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Medical research is all about hard facts and statistics, but historically, and increasingly today, there is a lot of disinformation out there.

What medical professionals should do about this problem is the focus of the Paul Dudley White International Lecture presented by Sir Rory Collins, Professor of Medicine and Epidemiology at the Clinical Trial Service Unit at the Nuffield Department of Health, University of Oxford.

“The failure of the medical community, including medical journals and medical regulators, to act fast enough and robustly enough has left a long-term effect on public health. One of the most well known examples of disinformation in medicine was the false link between the measles, mumps and rubella vaccine and an increased risk for young children developing autism. This disinformation led to substantially decreased immunisation rates, the loss of herd immunity and increases in measles cases in Britain and the United States." said Professor Collins.

He will also discuss statin therapy and claims of large differences in the risk of side effects based on whether one looks at observational studies or randomised clinical trials. In observational studies, where researchers assess reports among people who know they are taking a statin, claims have been made that up to 20 percent of people experience side effects. In contrast, there’s a lack of increase in symptomatic side effects among people in randomised blinded trials, where people do not know whether they are taking statins or placebo.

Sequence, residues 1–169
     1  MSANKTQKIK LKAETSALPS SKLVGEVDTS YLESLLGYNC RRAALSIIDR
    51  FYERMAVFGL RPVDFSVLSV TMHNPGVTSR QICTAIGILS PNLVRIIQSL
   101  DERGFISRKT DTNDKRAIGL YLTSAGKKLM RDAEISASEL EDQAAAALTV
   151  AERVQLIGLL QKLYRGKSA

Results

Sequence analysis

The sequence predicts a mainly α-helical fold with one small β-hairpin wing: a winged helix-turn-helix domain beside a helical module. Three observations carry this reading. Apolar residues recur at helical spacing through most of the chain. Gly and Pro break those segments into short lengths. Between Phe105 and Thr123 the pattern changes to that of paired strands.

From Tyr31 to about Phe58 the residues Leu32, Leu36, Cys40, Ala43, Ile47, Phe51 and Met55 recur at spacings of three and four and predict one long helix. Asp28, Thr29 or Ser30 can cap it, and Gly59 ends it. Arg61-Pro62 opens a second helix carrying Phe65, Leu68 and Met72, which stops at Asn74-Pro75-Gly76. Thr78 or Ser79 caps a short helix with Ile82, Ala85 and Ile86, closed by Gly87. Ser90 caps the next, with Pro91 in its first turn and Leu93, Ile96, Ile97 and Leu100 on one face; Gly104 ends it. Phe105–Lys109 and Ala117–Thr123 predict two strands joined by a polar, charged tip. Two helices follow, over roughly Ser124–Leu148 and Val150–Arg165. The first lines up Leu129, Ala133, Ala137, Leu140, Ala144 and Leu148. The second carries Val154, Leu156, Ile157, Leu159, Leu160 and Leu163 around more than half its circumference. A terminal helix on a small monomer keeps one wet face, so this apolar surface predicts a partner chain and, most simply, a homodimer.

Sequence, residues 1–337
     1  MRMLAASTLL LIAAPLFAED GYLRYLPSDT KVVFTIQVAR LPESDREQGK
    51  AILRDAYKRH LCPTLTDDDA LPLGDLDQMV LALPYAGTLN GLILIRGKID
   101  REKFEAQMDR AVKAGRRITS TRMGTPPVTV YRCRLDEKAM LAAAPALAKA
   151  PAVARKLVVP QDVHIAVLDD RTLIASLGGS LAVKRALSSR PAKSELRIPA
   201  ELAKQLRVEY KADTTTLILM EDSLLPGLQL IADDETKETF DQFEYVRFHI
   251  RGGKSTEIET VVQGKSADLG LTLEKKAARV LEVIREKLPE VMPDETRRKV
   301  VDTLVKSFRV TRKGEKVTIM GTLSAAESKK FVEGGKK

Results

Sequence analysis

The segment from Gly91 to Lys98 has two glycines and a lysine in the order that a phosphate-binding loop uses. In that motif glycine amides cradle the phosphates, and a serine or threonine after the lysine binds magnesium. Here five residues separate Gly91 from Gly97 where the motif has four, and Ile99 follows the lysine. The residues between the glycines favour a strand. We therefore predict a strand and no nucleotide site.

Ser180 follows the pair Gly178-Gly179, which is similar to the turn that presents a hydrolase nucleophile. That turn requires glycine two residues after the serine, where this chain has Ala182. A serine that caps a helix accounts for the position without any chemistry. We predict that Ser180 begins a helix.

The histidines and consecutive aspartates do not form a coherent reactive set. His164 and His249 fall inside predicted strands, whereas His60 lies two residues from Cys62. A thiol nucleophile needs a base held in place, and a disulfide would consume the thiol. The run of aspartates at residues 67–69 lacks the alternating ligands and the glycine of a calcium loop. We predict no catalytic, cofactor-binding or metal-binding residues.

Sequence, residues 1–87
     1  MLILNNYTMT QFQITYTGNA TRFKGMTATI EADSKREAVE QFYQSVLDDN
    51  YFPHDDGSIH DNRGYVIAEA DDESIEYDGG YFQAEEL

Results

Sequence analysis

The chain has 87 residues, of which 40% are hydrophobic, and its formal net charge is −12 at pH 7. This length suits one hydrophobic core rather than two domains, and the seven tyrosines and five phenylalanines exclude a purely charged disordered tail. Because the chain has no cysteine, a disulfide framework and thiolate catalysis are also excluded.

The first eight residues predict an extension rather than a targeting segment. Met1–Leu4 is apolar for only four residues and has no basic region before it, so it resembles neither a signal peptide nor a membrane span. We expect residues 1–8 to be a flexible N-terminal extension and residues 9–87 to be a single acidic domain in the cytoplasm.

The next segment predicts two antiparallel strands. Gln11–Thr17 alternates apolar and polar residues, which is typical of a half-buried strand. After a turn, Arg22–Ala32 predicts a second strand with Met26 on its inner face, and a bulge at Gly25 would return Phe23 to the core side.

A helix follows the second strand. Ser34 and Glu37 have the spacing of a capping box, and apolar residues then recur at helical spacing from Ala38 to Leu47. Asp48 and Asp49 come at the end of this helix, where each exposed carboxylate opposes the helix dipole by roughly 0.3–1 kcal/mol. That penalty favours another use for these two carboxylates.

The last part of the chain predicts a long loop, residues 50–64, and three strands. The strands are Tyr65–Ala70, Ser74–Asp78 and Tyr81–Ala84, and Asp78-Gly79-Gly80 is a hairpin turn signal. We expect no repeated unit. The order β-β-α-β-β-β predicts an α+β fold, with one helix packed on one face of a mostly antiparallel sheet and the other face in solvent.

The lecture honours Paul Dudley White, who is widely regarded as the founder of preventive cardiology. White helped found the Boston Society for the Prevention and Relief of Heart Disease (now the Greater Boston Division of the American Heart Association). He joined forces with similar groups in New York City and Philadelphia, and in 1924 became one of the founders of the AHA. He served as AHA president in 1941.


Forthcoming events

Richard Doll Seminar - Inhalable microplastics: a new cause for concern

Tuesday, 26 November 2019, 1pm to 2pm @ Seminar rooms, BDI, Old Road Campus, OX3 7LF

WEH/Ethox Seminar: Interpersonal Comparisons of Well-Being

Wednesday, 27 November 2019, 11am to 12.30pm @ Seminar room 0, BDI, Old Road Campus, OX3 7LF

NDPH Inaugural lecture - Crossing the divide between genomics and epidemiology: The curious case of Alzheimer's Disease

Thursday, 28 November 2019, 5pm to 7pm @ Lecture Theatre 1, Mathematical Institute, Andrew Wiles Building, Radcliffe Observatory Quarter, (550) Woodstock Road, Oxford, OX2 6GG

NPEU Seminar - Setting up safety stopping boundaries for a phase II trial: the Poppi trial

Tuesday, 03 December 2019, 10.30am to 11.30am @ Seminar room 0, BDI, Old Road Campus, OX3 7LF

Richard Doll Seminar - Clinical trials: now and in the future

Tuesday, 03 December 2019, 1pm to 2pm @ Seminar rooms, BDI, Old Road Campus, OX3 7LF

WEH/Ethox Seminar: The ethics of research in global health emergencies

Wednesday, 04 December 2019, 11am to 12.30pm @ Seminar room 0, BDI, Old Road Campus, OX3 7LF